A petri dish is weighed. The crystals are added and reweighed. The weight of the purified aspirin is calculated. The percent yield is determined (the calculation is included in the result section of the report).
Analysis of Aspirin
The quality of the synthesized aspirin with commercial aspirin and salicylic acid are being compared.
One drop of 1% iron III chloride is added to separate test tubes containing a few crystals of each substance. The colour is observed: Pure aspirin would show no colour, while salicylic acid or trace of it in impure aspirin will show a purple colour. The intensity of the colour qualitatively tells how much salicylic acid is present.
The aspirin crystals are examined under a microscope. The morphology of the crystals is recorded.
The purity of sample is tested by determining its melting point range. A mortar and pestle are used to reduce the sample to a fine powder. A capillary melting point tube with a 1-2 depth of fine crystals is loaded. The melting point of pure Aspirin varies between 130-135 °C (because of partial decomposition). The temperature at which the Aspirin begins to melt and when the sample has completely melted is noted.
Theoretical yield of aspirin:
Table below shows the data used to calculate the theoretical yield of aspirin.
Mass of salicylic acid used (g)
Relative molecular mass of salicylic acid (g/mol)
Moles of salicylic acid used (mol)
Moles of aspirin formed (mol)
Relative molecular mass of aspirin (g/mol)
Expected mass of aspirin yield (g)
So, theoretical yield of aspirin = 2.61000 g
Experimental yield of aspirin:
The table below displays the results obtained after the re-crystallisation process.
Mass of empty Petri dish (g)
Mass of Petri dish + Crystals (g)
Mass of aspirin crystals (g)
Thus, experimental yield of aspirin =
Comparison on melting point of aspirin:
Melting point (°C)
Iron (III) chloride test
Morphology of Prepared Aspirin:
Total magnification= 40x
During the experiment, 3 drops of concentrated sulfuric acid is added to aid the reaction because the reaction in pure acetic anhydride is slow. Concentrated sulfuric acid is a strong acid which acts as catalyst to speed up the rate of reaction. According to le Chatelier’s principle, acetic anhydride which is in excess forces the equilibrium towards aspirin and heat is required to reach the equilibrium faster. Since strong acid has many available protons, the oxygen of the carbonyl of acetic anhydride is protonated and the electrophilicity of the carbon of the carbonyl increases. In salicylic acid, the oxygen of phenol acts as nucleophile which attack the carbon of the carbonyl within acetic anhydride. This silmultaneously breaks the pi bond to oxygen. A tetrahedral intermediate is formed. Here occurs a series of protons transfer. The electrons on the oxygen of the hydroxyl group on the tetrahedral intermediate, ultimately come down and reform a carbonyl group, this simultaneously induces an acetic acid to leave. After one additional proton transfer, the final aspirin is formed. If the sulfuric acid were omitted, H+ cation are absent and thus acetic anhydride will not split and acetic acid is formed. Yet, phosphoric acid can be used in place of sulpfuric acid but may give higher yields.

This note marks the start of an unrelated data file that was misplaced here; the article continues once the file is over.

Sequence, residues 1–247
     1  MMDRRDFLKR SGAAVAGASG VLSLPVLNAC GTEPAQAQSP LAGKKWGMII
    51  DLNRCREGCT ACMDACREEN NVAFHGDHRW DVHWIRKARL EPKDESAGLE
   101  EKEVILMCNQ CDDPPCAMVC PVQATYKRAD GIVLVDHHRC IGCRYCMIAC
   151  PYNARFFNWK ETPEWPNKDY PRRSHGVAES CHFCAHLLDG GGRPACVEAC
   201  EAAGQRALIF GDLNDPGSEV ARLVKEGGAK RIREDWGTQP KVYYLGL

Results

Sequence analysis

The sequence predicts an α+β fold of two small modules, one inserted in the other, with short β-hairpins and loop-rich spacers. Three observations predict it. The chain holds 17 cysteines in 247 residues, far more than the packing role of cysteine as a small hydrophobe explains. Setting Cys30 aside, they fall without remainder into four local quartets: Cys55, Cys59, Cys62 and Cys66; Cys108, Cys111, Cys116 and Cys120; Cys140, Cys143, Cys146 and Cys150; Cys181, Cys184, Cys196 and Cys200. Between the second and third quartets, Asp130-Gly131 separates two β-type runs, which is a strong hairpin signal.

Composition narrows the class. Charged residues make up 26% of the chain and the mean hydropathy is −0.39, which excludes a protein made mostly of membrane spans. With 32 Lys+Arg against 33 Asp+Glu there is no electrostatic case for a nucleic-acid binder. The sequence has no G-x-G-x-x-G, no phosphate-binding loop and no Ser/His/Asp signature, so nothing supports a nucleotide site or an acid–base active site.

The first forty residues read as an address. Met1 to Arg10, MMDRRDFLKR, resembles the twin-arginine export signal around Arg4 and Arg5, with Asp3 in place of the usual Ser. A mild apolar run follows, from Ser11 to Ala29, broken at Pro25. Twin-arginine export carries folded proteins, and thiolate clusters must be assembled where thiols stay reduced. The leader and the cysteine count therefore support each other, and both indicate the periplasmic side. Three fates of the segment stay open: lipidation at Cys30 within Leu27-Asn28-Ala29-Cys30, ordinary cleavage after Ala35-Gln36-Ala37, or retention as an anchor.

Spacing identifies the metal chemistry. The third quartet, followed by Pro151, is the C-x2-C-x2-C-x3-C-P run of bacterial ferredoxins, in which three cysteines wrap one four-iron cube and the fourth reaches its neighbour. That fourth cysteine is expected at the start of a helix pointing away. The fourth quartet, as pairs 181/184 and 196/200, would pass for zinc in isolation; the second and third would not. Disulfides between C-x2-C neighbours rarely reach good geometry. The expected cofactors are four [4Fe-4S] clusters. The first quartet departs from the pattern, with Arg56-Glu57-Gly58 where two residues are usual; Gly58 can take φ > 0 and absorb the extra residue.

Based on the calculation that can be seen in the result section, salicylic acid is the limiting reactant while acetic anhydride is in excess. The yield percentage obtained is extremely low, it shows that there is some errors occurred during the experiment. Low experimental yield also can be influenced by when salicylic acid is not fully reacted. Since the esterification is a reversible reaction, there may be possible that some acetylsalicylic acid convert back to salicylic acid, acetic anhydride and acetic acid.